"'Item, that we will be kind to the poor.' Why, that's omitted altogether!"
"'Item, that the contents of the Treasury be preserved intact.' Why, that's altered into 'shall be at the absolute disposal of the Vice-Warden'!
, I entreat the aforesaid gentlemen my executors, that, if any happy chance should lead them to discover the author who is said to have written a history now going about under the title of 'Second Part of the Achievements of Don Quixote of La Mancha,' they beg of him on my behalf as earnestly as they can to forgive me for having been, without intending it, the cause of his writing so many and such monstrous absurdities as he has written in it; for I am leaving the world with a feeling of compunction at having provoked him to write them."
Between the red cabbage and the stuffed green peppers was the item
"Third item. Here and there about the house curious little heaps of minute pieces of metal, some like steel springs and some in the form of microscopic wheels.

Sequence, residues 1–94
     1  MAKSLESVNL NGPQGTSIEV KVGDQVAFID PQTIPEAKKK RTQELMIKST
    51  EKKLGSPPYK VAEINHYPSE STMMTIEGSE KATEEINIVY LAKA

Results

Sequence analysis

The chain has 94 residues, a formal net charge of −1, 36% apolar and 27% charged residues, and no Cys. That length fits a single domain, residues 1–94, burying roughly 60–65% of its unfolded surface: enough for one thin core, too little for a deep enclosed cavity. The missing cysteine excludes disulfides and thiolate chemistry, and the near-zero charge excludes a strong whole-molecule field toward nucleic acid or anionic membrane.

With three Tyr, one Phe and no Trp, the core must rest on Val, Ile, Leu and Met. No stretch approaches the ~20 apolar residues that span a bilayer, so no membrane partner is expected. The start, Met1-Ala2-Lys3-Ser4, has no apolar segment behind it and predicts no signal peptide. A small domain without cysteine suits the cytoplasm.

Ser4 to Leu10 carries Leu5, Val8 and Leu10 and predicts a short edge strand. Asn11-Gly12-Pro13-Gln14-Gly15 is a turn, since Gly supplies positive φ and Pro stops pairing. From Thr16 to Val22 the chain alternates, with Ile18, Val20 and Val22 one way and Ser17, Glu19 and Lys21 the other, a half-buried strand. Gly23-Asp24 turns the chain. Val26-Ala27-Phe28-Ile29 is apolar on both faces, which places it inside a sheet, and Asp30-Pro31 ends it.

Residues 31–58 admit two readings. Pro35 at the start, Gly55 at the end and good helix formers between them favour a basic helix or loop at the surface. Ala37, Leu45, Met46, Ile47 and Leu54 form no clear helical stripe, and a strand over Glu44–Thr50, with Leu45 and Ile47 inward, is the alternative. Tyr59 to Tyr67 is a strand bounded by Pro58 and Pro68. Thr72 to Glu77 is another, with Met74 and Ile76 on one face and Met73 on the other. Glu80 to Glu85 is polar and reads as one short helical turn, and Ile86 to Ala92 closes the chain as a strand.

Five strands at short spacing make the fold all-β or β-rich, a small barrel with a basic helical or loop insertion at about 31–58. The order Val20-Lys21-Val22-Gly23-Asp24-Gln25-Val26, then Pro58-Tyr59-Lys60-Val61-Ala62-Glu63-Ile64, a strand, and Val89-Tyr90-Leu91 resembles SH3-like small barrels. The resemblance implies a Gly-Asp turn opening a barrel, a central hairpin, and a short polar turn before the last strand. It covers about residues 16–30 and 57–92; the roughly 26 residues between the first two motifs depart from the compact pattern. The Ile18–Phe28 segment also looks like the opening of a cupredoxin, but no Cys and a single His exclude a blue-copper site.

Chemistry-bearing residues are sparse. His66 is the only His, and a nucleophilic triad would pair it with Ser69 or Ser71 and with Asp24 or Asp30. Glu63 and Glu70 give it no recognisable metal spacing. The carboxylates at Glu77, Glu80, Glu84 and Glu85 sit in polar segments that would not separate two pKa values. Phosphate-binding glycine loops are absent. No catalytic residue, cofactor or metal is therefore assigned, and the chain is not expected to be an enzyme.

"Fourth item. The wax candles, which have to be stuck in bottle necks because there is nothing else to stick them in.
This was the vocal telegraph of the islanders; by means of which condensed items
of information could be carried in a very few minutes from the sea to their remotest habitation, a distance of at least eight or nine miles.
chiefly disputed in this bill was the very moderate charge of two pennies for the dickey.
The expense accounts of the guilds, sometimes luckily preserved, furnish many picturesque and amusing items
, such as these: 'Four pair of angels' wings,
Here is the summing up of his various items
, and their weight, as he computed it:
Sun Tzu said: In the operations of war, where there are in the field a thousand swift chariots, as many heavy chariots, and a hundred thousand mail-clad soldiers, with provisions enough to carry them a thousand li, the expenditure at home and at the front, including entertainment of guests, small items
such as glue and paint, and sums spent on chariots and armor, will reach the total of a thousand ounces of silver per day.
Pullet's remarkable memory furnished some items
; and while aunt Pullet pitied poor Bessy's bad luck with her children, and expressed a half-formed project of paying for Maggie's being sent to a distant boarding-school, which would not prevent her being so brown, but might tend to subdue some other vices in her, aunt Glegg blamed Bessy for her weakness, and appealed to all witnesses who should be living when the Tulliver children had turned out ill, that she, Mrs.